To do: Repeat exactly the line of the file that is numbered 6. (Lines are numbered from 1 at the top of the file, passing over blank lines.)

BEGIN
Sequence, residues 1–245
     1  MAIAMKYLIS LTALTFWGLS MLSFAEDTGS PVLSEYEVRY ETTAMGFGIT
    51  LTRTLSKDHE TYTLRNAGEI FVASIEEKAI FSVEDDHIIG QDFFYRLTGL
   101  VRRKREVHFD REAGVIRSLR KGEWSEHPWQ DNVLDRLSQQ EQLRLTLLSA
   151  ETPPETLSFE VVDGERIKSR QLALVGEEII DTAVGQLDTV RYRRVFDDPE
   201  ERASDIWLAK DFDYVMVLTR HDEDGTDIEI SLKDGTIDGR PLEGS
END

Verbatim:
   201  ERASDIWLAK DFDYVMVLTR HDEDGTDIEI SLKDGTIDGR PLEGS